The RoboBee is a miniature robot able to fly, that can also land in water, using a modified flapping technique.
RoboBee, invented by Harvard’s John A Paulson School of Engineering and Applied Science (SEAS) and Wyss Institute, is the first-ever aerial and aquatic capable insect-scale robot.
Images credit wyss.harvard.edu
In June last year, the scientists debuted the RoboBee with a carbon fibre body. Now the newly updated design features a way of controlling the number of flaps the wings makes per second.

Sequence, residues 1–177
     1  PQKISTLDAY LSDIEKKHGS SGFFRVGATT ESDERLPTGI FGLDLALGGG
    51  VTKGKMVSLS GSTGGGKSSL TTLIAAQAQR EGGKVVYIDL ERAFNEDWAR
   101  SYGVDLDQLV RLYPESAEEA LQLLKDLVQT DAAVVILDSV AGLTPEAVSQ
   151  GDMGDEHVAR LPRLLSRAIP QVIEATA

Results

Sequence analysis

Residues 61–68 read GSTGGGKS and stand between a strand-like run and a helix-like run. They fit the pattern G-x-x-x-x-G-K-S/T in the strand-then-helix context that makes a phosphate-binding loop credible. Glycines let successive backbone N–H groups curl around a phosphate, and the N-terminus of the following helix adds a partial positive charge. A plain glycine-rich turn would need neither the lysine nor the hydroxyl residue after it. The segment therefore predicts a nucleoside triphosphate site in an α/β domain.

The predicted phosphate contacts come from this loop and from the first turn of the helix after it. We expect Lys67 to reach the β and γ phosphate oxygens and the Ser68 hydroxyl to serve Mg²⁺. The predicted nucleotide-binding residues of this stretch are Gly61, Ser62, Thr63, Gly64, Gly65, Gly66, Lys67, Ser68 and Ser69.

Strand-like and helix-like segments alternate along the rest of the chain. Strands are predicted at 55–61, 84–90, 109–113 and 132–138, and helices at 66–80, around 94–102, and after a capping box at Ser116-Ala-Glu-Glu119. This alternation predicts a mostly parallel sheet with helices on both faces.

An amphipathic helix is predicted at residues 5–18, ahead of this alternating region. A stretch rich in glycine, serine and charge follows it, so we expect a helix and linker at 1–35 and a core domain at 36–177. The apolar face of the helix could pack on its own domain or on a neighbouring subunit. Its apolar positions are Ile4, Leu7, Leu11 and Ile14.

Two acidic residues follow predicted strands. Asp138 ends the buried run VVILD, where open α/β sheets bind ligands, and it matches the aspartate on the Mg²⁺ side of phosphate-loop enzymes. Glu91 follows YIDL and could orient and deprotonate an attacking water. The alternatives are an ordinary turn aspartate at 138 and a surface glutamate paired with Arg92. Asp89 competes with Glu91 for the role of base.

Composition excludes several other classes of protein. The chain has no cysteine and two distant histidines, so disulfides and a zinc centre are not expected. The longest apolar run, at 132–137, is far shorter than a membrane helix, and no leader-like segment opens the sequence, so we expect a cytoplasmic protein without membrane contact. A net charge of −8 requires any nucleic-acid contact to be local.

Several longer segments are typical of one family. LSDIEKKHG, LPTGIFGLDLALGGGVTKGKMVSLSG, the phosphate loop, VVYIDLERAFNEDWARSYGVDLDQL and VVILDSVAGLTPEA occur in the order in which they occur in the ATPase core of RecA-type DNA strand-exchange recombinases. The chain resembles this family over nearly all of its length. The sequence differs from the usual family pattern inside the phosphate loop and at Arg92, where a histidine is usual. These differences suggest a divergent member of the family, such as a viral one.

Latest model by the team, can dive and swim, using a special manoeuvre to enter water.
Smaller than a paperclip, it is powered and controlled using a lightweight tether. Can perform agile manoeuvres like insects.
“The RoboBees project explores fundamental questions in materials science, fluid mechanics, controls, circuit design, manufacturing, and computer science. For us, bees are something of a metaphor. They are social insects; they interact with their environment and with each other in ways that make the whole greater than the sum of the parts. We look to bee colonies as inspiration to do something useful with a group of simple robots. That means we have to understand a number of questions.”
More information at wyss.harvard.edu